The architecture of a quantum computer is nothing like that of a regular one.
So, it is important to learn about specific quantum computing hardware components and architectural layers to know how the technology works.
Quantum computing is an awe-inspiring technology for super-fast data processing. It is a powerful non-AI tool that can help AI with its development. Using quantum mechanics, these computers are much, much more powerful and capable than even some of the most advanced supercomputers. Such an incredible technology needs to be studied and assessed in order to know more about its known and unknown capabilities for the future. Quantum computers do not have a set architectural model or type. There are several types of quantum computers that have been built in the past. Here, we will see the components of a layered quantum computing architecture. Each layer, or functional group, contains multiple quantum computing hardware components.
Assessing each layer will allow us to understand how a quantum computer works and which parts constitute its main architecture.
The application layer is not a physical—or quantum computing hardware—part of a quantum computer itself but is a key element of the system nonetheless. The application layer facilitates the creation of relevant algorithms for quantum computers by providing a user interface, a programming environment, an operating system and so on for the various quantum computing hardware components. Such algorithms may be a combination of classical and quantum computing. This layer is not dependent on the hardware layers beneath it.
This functional group compiles the quantum algorithm before compiling it into microinstructions. The processing unit of a quantum computer must carry out these instructions. Essentially, the classical processing layer facilitates the fine-tuning of the quantum computing hardware layers present below it.
This is made up of three different—digital, quantum and analog—processing layers. Together these three layers form what is known as the quantum processing unit or the QPU, the CPU equivalent of a quantum computer. The digital processing layer translates the microinstructions created by the classical processing unit into pulses, which in turn will be used to manipulate qubits, the basic unit of quantum information, and enabling them to act like quantum logic gates. Amongst its other tasks, this layer also provides the measurement results of quantum calculations so that the classically generated results and the quantum ones can be compared.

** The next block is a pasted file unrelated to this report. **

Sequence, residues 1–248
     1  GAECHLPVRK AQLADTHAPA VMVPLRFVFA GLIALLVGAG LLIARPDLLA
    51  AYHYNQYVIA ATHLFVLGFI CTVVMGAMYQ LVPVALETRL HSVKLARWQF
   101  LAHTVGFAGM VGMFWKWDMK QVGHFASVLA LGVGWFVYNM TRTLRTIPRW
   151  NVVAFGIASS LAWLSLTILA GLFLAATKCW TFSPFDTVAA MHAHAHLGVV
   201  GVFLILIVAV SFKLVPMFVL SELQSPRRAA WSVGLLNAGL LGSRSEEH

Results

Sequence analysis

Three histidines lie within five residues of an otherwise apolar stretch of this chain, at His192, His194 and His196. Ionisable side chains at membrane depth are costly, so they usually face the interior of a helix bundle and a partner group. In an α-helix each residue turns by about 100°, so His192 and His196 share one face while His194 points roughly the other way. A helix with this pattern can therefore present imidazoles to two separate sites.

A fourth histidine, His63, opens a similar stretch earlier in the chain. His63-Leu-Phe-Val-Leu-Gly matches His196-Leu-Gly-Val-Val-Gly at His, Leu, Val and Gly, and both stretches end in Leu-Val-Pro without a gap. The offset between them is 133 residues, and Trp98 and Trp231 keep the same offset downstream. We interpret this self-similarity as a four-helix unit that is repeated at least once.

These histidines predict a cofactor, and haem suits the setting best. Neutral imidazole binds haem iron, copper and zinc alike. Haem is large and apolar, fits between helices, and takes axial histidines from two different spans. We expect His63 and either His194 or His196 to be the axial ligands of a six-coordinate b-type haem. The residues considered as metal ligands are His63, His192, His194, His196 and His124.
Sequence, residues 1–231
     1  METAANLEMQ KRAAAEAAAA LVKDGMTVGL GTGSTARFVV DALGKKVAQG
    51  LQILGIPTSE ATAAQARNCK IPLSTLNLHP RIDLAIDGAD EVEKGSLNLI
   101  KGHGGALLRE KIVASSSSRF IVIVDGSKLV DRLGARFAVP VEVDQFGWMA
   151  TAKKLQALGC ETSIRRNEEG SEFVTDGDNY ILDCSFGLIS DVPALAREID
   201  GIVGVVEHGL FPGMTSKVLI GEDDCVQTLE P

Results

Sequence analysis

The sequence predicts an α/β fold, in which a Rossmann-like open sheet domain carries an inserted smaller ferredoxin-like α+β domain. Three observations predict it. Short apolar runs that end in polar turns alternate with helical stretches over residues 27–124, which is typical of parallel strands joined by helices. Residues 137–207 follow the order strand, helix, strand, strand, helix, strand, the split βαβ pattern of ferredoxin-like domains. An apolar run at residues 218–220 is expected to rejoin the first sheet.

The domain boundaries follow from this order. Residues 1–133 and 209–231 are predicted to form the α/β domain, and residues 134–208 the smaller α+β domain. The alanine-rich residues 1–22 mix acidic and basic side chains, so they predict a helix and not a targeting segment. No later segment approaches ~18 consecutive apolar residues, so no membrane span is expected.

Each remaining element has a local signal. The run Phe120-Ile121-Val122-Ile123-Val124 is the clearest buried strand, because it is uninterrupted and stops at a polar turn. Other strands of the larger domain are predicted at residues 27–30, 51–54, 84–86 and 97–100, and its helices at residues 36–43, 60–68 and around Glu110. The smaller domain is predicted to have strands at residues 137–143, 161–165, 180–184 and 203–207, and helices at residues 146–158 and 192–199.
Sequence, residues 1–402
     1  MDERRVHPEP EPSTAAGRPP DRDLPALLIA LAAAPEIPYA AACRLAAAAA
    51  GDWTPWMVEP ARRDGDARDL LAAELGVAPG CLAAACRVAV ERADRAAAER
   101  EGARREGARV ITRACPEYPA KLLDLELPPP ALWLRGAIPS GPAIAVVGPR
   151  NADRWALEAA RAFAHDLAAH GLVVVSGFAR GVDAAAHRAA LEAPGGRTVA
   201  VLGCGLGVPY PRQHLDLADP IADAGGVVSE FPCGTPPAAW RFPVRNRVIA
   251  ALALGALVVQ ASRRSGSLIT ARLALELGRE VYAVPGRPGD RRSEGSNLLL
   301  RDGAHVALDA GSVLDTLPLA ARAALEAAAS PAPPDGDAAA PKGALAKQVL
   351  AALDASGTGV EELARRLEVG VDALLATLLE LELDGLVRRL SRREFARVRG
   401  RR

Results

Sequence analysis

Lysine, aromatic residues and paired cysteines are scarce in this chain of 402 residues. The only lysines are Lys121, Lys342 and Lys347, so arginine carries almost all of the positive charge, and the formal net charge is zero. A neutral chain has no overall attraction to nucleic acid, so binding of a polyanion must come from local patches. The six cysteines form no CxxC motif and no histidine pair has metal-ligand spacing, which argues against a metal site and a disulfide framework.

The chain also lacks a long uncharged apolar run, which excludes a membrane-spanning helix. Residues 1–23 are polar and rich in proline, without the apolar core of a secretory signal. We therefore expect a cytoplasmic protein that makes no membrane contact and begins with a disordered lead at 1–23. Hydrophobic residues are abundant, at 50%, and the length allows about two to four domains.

The analog processing layer creates signals for qubits and, in the long run, facilitates computation on the basis of the running of the quantum algorithm. And finally, the quantum processing layer, which needs to be kept at freezing temperature in quantum computers, holds the qubits. Cryogenics is involved in the storage of qubits.
As of today, quantum computers still occupy a niche category in the field of computing because of their exorbitant costs of implementation and maintenance. However, the fast data processing capabilities of the computer means that, in the near future, it could be used extensively to bolster mainstream business operations.
Naveen is the Founder and CEO of Allerin, a software solutions provider that delivers innovative and agile solutions that enable to automate, inspire and impress. He is a seasoned professional with more than 20 years of experience, with extensive experience in customizing open source products for cost optimizations of large scale IT deployment. He is currently working on Internet of Things solutions with Big Data Analytics. Naveen completed his programming qualifications in various Indian institutes.